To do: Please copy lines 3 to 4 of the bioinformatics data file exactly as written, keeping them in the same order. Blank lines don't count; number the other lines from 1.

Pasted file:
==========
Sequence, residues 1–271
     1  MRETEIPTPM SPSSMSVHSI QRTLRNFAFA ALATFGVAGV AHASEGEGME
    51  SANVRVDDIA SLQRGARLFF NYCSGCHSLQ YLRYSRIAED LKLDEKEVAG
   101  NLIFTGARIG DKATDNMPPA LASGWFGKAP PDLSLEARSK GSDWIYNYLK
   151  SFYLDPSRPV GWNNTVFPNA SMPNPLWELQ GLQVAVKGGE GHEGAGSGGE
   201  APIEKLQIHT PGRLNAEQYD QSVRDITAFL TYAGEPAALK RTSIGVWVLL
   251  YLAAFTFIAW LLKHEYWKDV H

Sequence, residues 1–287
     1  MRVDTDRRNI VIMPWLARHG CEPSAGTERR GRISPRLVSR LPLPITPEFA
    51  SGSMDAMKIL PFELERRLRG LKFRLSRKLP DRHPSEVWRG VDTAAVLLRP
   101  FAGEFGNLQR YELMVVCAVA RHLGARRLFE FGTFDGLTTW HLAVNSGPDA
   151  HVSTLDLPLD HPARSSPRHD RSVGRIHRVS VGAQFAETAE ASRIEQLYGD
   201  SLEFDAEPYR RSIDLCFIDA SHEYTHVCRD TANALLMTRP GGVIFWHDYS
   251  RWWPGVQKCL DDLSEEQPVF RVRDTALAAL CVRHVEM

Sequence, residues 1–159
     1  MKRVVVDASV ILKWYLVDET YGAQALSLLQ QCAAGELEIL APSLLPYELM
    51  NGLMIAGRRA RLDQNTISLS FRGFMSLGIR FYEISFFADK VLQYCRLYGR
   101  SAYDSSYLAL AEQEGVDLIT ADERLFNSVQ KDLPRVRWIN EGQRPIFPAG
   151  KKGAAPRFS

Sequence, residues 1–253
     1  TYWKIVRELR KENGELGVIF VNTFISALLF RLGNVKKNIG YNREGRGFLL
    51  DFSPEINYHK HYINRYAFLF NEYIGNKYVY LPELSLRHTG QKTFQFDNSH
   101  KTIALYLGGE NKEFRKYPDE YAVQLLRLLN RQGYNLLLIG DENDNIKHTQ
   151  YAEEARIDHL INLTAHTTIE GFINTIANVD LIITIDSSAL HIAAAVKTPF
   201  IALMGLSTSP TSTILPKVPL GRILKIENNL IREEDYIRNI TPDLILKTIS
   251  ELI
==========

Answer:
    51  SANVRVDDIA SLQRGARLFF NYCSGCHSLQ YLRYSRIAED LKLDEKEVAG
   101  NLIFTGARIG DKATDNMPPA LASGWFGKAP PDLSLEARSK GSDWIYNYLK